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subprime mortgage lenders list

subprime mortgage lenders list - News

Consumer Reporting Data
Consumer Reporting Agencies. Below is a list of consumer reporting companies – companies that collect information and provide reports on consumers that are used to decide whether to provide consumers credit, insurance, or employment, and for other

Book in a Volatile Market
The truth, according to the whistle-blower who has personally cancelled more than 200 mortgages because of LAF manipulation, is that the banks teach the brokers how to manipulate the LAFs to get loans past lending standards. The British inquiry If

What the new mortgage rules mean for you
The new rules are designed to take a "back to basics" approach to mortgage lending and lower the risk of defaults and foreclosures among borrowers, according to the Consumer Financial Protection Bureau, which issued the new rules. "No debt traps. No

CFPB Directors Cordray's Prepared Remarks on Housing Market Reform
The list is long, so bear with me – we take complaints about mortgages, credit cards, bank accounts, student loans, auto loans, credit reporting, debt collection, consumer loans, money transfers, and payday loans. Each perceived grievance is a chance

The Collapse of the Mortgage Lending Industry

This video is a list of US mortgage lenders who have closed or otherwise exited the mortgage lending business since late 2006.

Housing and Mortgage Markets May Have Recovered, but Risks Remain

This week, the world is remembering what is called “Lehman Weekend.” A decade ago, on September 15, 2008, the giant investment bank filed for bankruptcy, triggering what is now called the Great Recession. Lehman’s problems originated in portfolios of risky, subprime housing mortgages that it had bought, and for which it was ultimately unable to find buyers. After Lehman collapsed, government interventions saved Bear Stearns, AIG, Fannie Mac and Freddie Mac, while other banks crippled by subprime loans got help through the Troubled Asset Relief Program (TARP), a $700 billion recapitalization effort.

Today, 10 years on, lending has become more stringent. Banks have become increasingly risk-averse; default rates have fallen; regulatory compliance costs to prevent unhealthy lending have soared; and the banking and financial services sector is in better health. Home prices are prohibitively high in many markets, and median income levels haven’t risen sufficiently to create strong, new demand.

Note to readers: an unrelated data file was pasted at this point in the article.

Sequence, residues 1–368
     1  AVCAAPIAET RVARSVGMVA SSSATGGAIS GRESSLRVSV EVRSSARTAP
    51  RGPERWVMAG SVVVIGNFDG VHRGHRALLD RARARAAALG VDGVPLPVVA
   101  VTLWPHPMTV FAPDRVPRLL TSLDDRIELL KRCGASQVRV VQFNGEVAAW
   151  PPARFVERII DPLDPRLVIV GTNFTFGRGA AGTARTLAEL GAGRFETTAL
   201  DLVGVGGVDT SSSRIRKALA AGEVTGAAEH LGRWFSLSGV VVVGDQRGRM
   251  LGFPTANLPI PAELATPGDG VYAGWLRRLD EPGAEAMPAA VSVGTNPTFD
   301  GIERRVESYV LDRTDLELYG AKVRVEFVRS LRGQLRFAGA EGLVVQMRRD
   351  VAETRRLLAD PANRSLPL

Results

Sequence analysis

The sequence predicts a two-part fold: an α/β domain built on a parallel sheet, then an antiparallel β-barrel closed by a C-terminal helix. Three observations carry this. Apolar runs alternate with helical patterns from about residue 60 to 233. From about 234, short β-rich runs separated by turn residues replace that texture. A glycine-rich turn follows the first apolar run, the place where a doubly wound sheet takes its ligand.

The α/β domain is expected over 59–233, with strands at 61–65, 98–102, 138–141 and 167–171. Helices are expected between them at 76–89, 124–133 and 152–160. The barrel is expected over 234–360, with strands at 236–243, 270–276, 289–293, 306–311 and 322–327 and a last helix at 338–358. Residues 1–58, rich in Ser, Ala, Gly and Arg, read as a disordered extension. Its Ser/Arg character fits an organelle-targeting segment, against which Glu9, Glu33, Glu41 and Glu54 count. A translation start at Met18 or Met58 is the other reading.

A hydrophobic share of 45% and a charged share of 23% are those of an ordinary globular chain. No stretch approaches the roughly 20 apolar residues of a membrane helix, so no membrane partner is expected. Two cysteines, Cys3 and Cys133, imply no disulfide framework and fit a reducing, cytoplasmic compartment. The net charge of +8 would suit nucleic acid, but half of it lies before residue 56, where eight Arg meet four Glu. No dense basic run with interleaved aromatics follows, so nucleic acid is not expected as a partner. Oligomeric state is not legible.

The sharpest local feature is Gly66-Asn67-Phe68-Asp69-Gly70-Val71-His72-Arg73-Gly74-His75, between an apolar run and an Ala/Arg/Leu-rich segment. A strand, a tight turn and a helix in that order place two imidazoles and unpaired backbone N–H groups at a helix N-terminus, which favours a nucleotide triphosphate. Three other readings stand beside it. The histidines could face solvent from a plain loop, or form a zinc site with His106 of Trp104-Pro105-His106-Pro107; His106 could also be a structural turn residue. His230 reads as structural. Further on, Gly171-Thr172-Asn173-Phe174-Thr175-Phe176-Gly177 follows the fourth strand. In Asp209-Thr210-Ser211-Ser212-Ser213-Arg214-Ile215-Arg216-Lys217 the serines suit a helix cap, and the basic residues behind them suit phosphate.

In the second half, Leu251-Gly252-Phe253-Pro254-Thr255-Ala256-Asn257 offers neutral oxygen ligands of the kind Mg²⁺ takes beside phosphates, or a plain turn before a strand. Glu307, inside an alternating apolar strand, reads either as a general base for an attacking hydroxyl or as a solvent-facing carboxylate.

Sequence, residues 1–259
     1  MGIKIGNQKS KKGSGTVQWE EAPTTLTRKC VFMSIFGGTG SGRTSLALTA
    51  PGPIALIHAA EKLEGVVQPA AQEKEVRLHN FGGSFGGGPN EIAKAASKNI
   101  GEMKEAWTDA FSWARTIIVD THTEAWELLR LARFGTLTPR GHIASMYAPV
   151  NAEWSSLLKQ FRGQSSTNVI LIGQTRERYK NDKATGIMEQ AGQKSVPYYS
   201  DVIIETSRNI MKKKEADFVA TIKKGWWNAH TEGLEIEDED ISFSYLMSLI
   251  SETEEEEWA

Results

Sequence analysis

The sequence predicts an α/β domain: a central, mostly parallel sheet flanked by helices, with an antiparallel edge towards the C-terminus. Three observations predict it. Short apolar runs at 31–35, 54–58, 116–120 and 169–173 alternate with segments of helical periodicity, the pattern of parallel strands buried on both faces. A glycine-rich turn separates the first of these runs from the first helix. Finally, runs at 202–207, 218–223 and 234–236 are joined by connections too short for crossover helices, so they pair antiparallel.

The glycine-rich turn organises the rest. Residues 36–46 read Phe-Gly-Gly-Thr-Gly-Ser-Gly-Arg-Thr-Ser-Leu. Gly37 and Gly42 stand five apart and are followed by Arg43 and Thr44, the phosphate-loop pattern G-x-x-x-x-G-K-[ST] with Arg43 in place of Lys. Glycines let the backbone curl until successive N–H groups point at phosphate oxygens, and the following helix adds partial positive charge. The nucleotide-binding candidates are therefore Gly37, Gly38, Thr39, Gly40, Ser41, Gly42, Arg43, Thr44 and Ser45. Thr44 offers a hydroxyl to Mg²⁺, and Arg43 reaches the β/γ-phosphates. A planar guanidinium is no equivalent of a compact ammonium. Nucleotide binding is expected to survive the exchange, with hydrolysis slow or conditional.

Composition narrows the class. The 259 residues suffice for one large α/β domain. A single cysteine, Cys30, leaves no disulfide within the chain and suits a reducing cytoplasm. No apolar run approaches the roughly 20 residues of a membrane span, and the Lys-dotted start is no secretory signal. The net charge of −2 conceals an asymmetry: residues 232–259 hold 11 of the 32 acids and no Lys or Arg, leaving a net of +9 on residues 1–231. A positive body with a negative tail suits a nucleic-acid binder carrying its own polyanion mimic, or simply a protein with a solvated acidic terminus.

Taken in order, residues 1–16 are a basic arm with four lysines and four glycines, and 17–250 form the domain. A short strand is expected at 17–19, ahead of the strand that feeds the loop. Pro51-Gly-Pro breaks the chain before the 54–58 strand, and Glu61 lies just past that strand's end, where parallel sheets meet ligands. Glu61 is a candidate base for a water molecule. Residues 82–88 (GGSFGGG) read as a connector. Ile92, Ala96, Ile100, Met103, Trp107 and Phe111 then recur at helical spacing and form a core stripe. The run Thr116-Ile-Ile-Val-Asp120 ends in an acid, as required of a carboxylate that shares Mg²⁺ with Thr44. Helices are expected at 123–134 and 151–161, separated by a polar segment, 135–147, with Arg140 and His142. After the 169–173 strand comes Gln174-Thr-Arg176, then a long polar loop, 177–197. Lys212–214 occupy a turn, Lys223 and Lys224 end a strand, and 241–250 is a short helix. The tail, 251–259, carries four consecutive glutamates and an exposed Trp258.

Ten Years after the Financial Crisis: Can It Happen Again?

Last week’s Toronto MoneyShow took place on the 10th anniversary of the collapse of Lehman Brothers and the financial crisis of 2008. I pointed out that Canada largely avoided the crisis because the banks never relaxed the lending standards like the United States did. There were virtually no subprime lending or so-called “no doc” loans at Canada’s six major banks, all of which survived the financial crisis.

Meanwhile, through a series of misdeeds, the U.S. government encouraged irresponsible mortgage lending. It started with the Community Reinvestment Act (CRA) of 1977 that encouraged banks and mortgage firms to help finance mortgages by low- and moderate-income earners.

In the early 1990s, the CRA was amended to encourage Freddie Mac and Fannie Mae, the two government-sponsored enterprises, to purchase and securitize mortgages of “affordable” housing. Since Freddie Mac and Fannie Mae were quasi-governmental agencies, Standard & Poor’s considered their repackaged mortgages as AAA.

Can you list the reasons you think houses prices went up so high during the housing bubble?

I can think of: 1) the govt manipulating interest rates and keeping them low for all those years after 9/11.

The Bush family has been stealing money from real estate for a long time, and they manipulate the market to make it easier for people to get loans so they can be foreclosed upon later.

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